Updated at 3:14 p.m.
Education Secretary Betsy DeVos and Republican lawmakers have announced a proposed tax credit that would go toward donations to private school scholarships and other school choice initiatives.
"A great education shouldn't be determined by luck or by address or by family income," DeVos said Thursday at a news conference.
She appeared alongside Sen. Ted Cruz, R-Texas, and Rep. Bradley Byrne, R-Ala., who said they plan to introduce the tax credit in Congress.
According to DeVos, states could choose whether or not they want to participate. (Many states already have programs on the books that grant tax breaks to residents who donate to scholarship programs.)
DeVos has long been a staunch supporter of school choice initiatives, including charter schools and vouchers to help families pay for private schools. She previously led the American Federation for Children, an organization that advocates for school choice.
President Trump is also a supporter. In his State of the Union address earlier this year, he said, "The time has come to pass school choice for American children." It was his only mention of education besides a passing reference to "overburdened schools."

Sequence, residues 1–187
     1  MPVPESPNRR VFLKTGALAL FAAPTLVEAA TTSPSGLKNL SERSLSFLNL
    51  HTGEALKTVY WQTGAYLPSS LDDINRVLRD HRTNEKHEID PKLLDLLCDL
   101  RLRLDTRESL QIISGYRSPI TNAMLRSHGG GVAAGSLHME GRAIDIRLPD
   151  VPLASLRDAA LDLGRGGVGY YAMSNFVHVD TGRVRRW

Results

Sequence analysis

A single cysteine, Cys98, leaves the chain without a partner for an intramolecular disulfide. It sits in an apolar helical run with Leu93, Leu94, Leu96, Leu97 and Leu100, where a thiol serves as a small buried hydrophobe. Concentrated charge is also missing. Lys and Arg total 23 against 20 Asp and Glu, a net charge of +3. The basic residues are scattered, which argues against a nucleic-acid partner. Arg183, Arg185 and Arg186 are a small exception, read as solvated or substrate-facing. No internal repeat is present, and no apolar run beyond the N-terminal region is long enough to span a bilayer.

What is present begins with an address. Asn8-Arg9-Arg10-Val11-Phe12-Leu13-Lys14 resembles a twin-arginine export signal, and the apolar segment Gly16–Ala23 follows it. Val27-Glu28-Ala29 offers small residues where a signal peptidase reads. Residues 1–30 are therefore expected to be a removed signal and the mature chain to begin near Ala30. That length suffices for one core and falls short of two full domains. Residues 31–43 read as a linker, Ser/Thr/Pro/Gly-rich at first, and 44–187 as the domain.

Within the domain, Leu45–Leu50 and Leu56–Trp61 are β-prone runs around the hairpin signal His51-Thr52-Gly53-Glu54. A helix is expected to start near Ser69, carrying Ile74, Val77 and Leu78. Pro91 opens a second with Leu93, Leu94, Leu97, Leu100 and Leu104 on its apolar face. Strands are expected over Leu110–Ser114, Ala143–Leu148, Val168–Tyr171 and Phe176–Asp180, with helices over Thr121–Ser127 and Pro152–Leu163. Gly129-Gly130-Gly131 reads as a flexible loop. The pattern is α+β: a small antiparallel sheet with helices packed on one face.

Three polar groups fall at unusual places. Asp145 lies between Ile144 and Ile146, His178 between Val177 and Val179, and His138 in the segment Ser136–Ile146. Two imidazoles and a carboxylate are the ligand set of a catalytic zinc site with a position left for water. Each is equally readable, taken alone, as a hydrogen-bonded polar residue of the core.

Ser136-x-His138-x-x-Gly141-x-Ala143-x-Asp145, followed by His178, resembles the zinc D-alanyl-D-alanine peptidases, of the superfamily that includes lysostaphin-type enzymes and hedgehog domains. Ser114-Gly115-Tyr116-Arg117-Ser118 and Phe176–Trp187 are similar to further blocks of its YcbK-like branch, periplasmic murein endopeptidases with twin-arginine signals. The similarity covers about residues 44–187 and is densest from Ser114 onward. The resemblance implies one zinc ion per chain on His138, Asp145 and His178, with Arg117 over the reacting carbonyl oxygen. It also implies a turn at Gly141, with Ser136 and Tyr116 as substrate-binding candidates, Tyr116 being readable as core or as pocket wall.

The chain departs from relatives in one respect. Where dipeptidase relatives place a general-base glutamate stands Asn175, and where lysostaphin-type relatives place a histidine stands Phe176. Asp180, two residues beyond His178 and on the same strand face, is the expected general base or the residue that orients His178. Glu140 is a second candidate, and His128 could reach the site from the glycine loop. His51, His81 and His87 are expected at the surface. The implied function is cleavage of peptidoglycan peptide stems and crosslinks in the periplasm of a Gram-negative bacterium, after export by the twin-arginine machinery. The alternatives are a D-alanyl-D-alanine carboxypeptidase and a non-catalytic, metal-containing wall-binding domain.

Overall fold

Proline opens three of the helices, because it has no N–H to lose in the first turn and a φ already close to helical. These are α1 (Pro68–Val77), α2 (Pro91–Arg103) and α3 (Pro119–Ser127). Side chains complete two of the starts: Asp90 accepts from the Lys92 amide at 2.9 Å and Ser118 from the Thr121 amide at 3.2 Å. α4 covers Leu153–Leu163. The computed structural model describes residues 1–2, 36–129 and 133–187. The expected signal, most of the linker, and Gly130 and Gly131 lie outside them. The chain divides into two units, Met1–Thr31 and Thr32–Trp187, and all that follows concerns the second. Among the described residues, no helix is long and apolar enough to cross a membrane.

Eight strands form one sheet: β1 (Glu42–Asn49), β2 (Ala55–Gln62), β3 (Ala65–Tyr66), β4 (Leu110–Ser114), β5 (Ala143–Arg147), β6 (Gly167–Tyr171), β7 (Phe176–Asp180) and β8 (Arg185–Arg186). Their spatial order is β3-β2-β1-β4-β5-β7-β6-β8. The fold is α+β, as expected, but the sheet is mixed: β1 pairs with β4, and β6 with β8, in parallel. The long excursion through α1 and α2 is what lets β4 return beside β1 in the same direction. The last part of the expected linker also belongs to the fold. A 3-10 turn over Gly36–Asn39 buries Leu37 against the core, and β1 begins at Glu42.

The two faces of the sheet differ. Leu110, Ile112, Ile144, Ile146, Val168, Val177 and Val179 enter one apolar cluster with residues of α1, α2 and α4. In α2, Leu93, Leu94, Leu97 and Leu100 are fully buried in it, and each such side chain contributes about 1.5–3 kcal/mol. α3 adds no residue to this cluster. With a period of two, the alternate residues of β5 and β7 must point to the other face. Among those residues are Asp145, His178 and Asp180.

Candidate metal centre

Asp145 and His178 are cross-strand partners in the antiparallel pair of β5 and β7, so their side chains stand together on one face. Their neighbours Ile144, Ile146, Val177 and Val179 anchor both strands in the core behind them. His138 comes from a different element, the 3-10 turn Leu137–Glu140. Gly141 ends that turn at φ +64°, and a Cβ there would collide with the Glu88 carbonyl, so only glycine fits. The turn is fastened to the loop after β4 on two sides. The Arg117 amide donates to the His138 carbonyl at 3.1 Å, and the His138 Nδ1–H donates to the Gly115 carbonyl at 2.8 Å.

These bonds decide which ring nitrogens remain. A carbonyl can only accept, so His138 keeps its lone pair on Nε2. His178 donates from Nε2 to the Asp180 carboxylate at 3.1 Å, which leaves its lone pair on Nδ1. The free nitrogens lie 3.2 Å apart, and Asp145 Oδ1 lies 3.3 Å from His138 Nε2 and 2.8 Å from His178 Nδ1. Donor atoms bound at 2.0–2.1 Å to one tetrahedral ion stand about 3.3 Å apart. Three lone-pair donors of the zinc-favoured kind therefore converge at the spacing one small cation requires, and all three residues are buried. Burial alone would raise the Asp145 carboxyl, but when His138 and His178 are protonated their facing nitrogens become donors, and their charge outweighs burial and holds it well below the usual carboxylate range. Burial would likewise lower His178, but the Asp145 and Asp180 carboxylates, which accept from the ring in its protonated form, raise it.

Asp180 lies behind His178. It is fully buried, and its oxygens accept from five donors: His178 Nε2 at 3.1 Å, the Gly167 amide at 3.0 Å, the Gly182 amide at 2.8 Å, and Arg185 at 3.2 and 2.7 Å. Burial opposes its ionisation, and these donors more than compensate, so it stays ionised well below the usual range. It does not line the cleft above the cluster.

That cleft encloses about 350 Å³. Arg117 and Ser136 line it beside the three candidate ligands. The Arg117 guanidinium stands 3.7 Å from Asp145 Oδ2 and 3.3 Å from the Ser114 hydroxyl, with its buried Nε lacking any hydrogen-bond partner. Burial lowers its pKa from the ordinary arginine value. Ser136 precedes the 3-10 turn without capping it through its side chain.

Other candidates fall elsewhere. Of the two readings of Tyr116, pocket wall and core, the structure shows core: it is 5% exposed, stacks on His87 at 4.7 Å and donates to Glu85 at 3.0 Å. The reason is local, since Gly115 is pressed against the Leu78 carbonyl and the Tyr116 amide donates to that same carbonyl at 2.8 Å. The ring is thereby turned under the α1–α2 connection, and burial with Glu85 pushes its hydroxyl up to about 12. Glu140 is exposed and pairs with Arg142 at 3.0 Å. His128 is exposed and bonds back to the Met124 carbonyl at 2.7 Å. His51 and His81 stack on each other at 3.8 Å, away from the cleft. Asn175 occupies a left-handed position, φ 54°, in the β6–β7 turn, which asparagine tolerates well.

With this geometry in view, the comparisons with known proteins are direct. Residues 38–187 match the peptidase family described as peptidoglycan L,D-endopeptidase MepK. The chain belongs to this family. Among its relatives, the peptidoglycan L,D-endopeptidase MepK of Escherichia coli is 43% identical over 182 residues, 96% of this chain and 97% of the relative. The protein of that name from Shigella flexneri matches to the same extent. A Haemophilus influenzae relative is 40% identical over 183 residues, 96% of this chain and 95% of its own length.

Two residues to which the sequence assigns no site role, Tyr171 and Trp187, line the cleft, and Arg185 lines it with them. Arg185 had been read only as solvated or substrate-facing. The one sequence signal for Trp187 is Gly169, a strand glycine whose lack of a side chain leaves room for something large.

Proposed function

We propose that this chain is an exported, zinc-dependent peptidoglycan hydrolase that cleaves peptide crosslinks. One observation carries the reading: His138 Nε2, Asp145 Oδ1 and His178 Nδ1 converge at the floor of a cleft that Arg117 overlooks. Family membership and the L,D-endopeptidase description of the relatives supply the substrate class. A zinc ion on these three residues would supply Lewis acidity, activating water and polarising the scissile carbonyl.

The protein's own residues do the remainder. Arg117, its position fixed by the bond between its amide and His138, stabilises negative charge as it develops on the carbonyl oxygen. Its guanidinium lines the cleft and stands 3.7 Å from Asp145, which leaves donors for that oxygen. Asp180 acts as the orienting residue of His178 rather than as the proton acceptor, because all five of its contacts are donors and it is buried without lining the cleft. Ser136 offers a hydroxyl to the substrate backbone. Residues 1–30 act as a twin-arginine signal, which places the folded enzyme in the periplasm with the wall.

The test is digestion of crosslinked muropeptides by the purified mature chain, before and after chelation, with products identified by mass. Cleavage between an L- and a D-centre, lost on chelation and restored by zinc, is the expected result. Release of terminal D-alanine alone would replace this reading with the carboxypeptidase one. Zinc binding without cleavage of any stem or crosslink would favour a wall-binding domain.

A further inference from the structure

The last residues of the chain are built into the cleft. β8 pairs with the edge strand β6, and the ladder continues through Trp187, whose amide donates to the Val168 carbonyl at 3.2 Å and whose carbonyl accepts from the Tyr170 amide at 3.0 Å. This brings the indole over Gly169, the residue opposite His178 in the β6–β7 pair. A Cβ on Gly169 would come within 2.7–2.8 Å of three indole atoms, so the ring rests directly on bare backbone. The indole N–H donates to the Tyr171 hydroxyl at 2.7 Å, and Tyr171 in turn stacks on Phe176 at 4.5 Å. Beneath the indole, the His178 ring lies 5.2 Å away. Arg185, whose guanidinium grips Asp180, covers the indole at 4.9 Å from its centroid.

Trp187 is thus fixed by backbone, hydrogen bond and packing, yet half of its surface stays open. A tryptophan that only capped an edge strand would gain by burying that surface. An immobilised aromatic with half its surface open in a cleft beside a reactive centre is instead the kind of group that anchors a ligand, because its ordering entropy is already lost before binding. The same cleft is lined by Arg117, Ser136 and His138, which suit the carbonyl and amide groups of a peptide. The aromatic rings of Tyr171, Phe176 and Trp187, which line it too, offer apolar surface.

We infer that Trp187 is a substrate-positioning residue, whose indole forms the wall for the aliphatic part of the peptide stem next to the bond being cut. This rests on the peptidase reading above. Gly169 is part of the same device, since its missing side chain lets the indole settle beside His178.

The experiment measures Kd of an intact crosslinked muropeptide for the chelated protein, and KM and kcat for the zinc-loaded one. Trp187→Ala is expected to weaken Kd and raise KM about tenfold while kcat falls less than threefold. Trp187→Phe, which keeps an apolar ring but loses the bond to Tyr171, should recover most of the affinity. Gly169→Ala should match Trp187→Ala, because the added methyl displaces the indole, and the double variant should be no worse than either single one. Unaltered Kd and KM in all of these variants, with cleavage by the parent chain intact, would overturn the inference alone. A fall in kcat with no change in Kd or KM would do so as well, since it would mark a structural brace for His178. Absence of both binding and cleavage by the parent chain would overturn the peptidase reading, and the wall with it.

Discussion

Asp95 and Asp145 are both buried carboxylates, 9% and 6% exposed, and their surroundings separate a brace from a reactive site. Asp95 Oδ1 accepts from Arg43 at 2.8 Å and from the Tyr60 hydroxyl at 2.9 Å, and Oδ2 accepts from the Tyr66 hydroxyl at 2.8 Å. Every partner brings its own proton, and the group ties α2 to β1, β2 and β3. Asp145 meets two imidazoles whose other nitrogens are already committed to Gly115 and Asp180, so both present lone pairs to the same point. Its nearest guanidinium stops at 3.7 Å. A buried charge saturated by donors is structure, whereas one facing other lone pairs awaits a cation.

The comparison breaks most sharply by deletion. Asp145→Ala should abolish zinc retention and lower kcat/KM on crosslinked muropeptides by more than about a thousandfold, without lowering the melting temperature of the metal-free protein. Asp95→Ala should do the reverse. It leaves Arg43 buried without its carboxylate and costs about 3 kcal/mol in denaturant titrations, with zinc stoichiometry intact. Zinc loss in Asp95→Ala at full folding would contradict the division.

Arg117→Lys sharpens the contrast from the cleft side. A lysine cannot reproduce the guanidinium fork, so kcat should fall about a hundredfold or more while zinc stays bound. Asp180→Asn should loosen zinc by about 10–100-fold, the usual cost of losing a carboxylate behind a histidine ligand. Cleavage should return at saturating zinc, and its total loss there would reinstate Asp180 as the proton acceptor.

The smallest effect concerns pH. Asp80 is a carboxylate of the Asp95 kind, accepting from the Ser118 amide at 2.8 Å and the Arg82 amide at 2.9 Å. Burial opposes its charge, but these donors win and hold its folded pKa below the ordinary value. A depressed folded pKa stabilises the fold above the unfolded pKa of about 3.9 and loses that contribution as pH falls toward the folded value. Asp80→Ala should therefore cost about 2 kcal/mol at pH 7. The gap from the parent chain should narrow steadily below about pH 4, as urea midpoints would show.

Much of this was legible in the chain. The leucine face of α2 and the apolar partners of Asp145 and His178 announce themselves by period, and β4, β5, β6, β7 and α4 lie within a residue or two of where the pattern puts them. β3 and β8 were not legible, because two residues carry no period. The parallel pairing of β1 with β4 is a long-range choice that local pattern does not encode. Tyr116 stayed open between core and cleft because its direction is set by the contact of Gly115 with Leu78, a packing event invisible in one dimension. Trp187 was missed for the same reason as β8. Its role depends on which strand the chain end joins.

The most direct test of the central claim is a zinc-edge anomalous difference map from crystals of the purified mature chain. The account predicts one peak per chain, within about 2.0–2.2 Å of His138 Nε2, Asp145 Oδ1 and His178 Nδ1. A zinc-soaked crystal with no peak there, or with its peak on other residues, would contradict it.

This isn't the first time federal tax credits for scholarship donations have come up. It seems unlikely this new legislation will make it through the now Democrat-controlled House of Representatives.
Critics of school choice say the programs funnel money and students away from public schools.
"Secretary DeVos keeps pushing her anti-public school agenda despite a clear lack of support from parents, students, teachers, and even within her own party," Sen. Patty Murray, D-Wash., said in a Thursday statement. "Congress has repeatedly rejected her privatization efforts and she should expect nothing less here."
Thomas Gentzel, executive director and CEO of the National School Boards Association, said Thursday that, unlike private schools, public schools are fully accountable for the public funds they receive. "School board officials support choice, and employ a lot of creative ideas to provide it, but sending tax dollars to schools that lack local supervision is not an appropriate use of taxpayer funds."
Early Thursday morning, DeVos, Cruz and Byrne authored an op-ed in USA Today, writing, "This program won't take a single cent from local public school teachers or public school students."
Over the past year, many striking teachers have expressed concern over charter school growth. In Los Angeles, where teachers picketed for six days in January, strikers said they were tired of competing with charter schools for students and funding.
It's also an issue in West Virginia, where teachers went on strike in mid-February to protest a bill that could have paved the way for charter schools and private school vouchers in the state.
On Thursday, teachers in Oakland, Calif., began their sixth day of a strike; they're asking for more restrictions on charter schools, among other things.